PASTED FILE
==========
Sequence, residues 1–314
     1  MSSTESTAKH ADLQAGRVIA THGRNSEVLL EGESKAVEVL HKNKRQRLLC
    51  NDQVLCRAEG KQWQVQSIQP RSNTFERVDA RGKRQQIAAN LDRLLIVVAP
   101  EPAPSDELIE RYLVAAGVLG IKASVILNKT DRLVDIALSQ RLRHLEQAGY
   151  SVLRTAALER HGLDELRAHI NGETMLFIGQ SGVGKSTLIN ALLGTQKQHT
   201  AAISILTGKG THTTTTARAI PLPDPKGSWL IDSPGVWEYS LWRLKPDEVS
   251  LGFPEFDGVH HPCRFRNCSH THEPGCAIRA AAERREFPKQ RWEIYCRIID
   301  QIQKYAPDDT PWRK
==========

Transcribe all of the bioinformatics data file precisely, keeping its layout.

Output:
Sequence, residues 1–314
     1  MSSTESTAKH ADLQAGRVIA THGRNSEVLL EGESKAVEVL HKNKRQRLLC
    51  NDQVLCRAEG KQWQVQSIQP RSNTFERVDA RGKRQQIAAN LDRLLIVVAP
   101  EPAPSDELIE RYLVAAGVLG IKASVILNKT DRLVDIALSQ RLRHLEQAGY
   151  SVLRTAALER HGLDELRAHI NGETMLFIGQ SGVGKSTLIN ALLGTQKQHT
   201  AAISILTGKG THTTTTARAI PLPDPKGSWL IDSPGVWEYS LWRLKPDEVS
   251  LGFPEFDGVH HPCRFRNCSH THEPGCAIRA AAERREFPKQ RWEIYCRIID
   301  QIQKYAPDDT PWRK